Taking Death as a Friend

Literary Genres › Advice | Buddhist Philosophy › Dying & the Bardos | Tibetan MastersMarpa Chökyi Lodrö

English | བོད་ཡིག

Marpa Chökyi Lodrö

Marpa Chökyi Lodrö

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The Nail of Taking Death as a Friend

by Marpa Chökyi Lodrö

Homage to all sublime gurus!

When these methods[1] do not work in preventing death and a yogi meets their end, death should be taken as a friend. Worldly beings grasp death as their enemy, whereas yogis, on the basis of the guru’s oral instructions, will at the time of death, or in the bardo, take it as a friend, enabling them to attain the siddhi of Mahāmudrā.

Among the six classes of migrating beings, it is particularly true for human beings that the five signs such as optical illusions and so forth occur without fail at the time of death. There are two aspects of carrying death onto the path: 1) the natural process of dying, and 2) the way of taking it as the path.

1. The Natural Process of Dying

For the first, both when death happens gradually and when it happens all of a sudden, the following signs emerge.

At the time the earth element dissolves into the water element the outer sign is that there is a heaviness of the body. The inner sign is that smoke emerges. When fire dissolves into wind, the outer sign is that the body’s heat dissipates, beginning at its extremities. The inner sign is that the appearance of fireflies arises. When wind dissolves into consciousness the outer sign is that breathing is weak, the inner sign is that outer appearances fade, and consciousness abides clearly like a butter lamp within a vase. When consciousness dissolves into luminosity the outer sign is that the person is pronounced dead. The inner sign is that death, the Prajñāpāramita, luminous dharmakāya as it is, dawns right there at once.

2. Taking Death onto the Path

Taking death onto the path has three parts: 1) the preliminaries, 2) main practice, and 3) conclusion.

i. Preliminaries

For the common branch, depend upon a guru or Dharma friend to refresh the power of the oral instructions. Gather the accumulations by offering your possessions, otherwise they are causes of indolence and distraction. Arrange an image of your yidam deity and set out various offerings. Meditate on all phenomena as being mere dreams and illusions and engender a mind of great confidence, contemplating that: “As everything is a mere illusion it is impossible that my intentions will not be accomplished just as I wish.”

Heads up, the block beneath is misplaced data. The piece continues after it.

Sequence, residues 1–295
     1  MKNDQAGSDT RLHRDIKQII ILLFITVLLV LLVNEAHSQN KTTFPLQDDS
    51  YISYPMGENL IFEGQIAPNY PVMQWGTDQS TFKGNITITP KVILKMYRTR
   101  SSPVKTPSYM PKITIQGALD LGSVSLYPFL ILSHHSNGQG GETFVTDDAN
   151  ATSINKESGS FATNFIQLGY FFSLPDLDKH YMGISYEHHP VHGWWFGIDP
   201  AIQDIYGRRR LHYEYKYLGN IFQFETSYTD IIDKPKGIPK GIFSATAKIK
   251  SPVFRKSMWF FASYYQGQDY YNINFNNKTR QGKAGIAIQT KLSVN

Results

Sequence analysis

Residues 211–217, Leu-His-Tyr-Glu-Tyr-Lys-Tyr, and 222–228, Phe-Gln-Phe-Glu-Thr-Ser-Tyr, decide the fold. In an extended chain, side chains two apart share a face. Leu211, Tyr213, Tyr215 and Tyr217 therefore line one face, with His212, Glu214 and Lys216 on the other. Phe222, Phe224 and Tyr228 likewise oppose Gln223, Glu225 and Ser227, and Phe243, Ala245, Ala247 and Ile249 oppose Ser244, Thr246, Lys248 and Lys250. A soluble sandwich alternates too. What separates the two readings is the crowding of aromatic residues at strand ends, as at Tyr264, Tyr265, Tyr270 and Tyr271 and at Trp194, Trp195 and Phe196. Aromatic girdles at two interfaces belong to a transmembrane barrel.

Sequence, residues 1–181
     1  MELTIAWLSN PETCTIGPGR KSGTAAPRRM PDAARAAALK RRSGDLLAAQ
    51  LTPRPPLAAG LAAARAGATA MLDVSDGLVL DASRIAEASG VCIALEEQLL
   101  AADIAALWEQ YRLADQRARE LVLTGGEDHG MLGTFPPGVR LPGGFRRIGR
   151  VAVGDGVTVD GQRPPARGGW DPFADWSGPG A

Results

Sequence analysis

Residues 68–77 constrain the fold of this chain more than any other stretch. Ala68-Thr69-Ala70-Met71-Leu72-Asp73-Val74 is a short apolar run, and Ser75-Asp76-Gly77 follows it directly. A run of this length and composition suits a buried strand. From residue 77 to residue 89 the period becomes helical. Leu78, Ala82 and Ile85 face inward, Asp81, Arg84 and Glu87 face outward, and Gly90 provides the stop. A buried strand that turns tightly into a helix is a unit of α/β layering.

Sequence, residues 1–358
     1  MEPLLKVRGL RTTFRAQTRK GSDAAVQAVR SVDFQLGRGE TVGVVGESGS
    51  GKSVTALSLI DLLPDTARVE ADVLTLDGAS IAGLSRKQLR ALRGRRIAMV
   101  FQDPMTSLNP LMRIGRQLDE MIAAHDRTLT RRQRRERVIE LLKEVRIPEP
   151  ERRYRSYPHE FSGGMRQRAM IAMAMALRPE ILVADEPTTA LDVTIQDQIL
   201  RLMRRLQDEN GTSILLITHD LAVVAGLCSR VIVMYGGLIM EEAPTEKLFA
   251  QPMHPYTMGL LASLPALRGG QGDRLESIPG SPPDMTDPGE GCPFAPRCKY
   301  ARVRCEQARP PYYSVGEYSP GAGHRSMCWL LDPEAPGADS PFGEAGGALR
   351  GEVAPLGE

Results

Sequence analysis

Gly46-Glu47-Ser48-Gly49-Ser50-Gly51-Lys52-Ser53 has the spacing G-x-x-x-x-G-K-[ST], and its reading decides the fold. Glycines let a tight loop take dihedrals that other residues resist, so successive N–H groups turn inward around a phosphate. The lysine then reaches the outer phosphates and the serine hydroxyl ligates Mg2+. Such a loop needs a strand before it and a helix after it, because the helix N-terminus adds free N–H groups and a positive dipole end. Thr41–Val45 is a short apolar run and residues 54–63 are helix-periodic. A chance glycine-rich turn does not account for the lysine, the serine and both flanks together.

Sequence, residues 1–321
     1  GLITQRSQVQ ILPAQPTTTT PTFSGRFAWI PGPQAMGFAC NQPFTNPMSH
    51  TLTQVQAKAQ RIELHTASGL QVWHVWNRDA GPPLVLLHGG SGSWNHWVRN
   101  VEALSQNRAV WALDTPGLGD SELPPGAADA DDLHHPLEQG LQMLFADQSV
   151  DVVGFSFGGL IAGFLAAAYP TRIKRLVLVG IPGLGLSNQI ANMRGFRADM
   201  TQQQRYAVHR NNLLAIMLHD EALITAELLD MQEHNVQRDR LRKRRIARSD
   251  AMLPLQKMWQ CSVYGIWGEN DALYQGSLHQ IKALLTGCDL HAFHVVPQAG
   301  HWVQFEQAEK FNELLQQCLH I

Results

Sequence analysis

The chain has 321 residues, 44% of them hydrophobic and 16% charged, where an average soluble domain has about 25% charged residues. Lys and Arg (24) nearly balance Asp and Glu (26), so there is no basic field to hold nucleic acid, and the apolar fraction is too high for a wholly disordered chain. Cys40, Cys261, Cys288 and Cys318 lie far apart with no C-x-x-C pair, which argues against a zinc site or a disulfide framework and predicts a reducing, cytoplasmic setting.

Unify this with the intention: “I shall attain luminous dharmakāya” And: “As long as I have not attained this, I shall recognize the illusory body in the bardo as such.” Again and again, project your thoughts in this way.

Visualize yourself as your yidam deity, resting your mind single-pointedly in whatever you have experienced of the completion stage practices such as Caṇḍālī and the rest.

ii. Main Practice

For the main practice, through habituating yourself to luminosity, like the merging of a river and the ocean, or the meeting of a baby calf and its mother, your uncontrived ordinary mind, mother and son, unite as one.

iii. Conclusion

After your own experience of luminosity and the characteristic of the luminosity of the bardo unify as one, finally at death, the Prajñāpāramitā, luminous dharmakāya, will be attained. If that doesn’t happen, the illusory body of the bardo remains for seven days or seven weeks. From this, during each of these periods of seven, an instance of natural luminosity will occur. If luminosity and the illusory body are not recognized, you will circle in the three realms.

Through the force of the yogi's previous momentum, the recognition of luminosity and the illusory body dawn at this time without fail. From the power of the emergence of that recognition, and relying upon the power of the body’s excellent foundation, the kāya of unified great Vajradhara will be attained.


| Translated by Sean Ross with the kind assistance of Khenpo Tendzin Nyima and Lowell Cook and edited for Lotsawa House with the kind assistance of Ringu Tulku Rinpoche, 2023.


Tibetan Edition

Mar pa chos kyi blo gros. "'chi ba grogs su 'khyer ba'i gzer." In dpal mnga' bdag sgra sgyur mar pa lo tsa ba chos kyi blo gros kyi gsung 'bum. [s.l.]: bod ljongs bod yig dpe rnying dpe skrun khang, 2014. Vol. 2: 252-253.

Version: 1.1-20231106

  1. This text is part of a collection of instructions known as the five nails that dispel hindrances (gegs sel gzer lnga), a teaching that derives from Nāropa. In this, the present instruction is the second of the five. It is preceded by 1) the nail of taking illness as enhancement (na tsha bogs dbyung ba'i gzer) and is then followed by: 3) the nail of taking mental afflictions as the path (nyon mongs lam du slong ba'i gzer); 4) the nail of liberating thoughts in their own place (rnam rtog rang sar grol ba'i gzer); and 5) the nail of treating obstacles as riches (bar chad g.yang du blan pa'i gzer).  ↩

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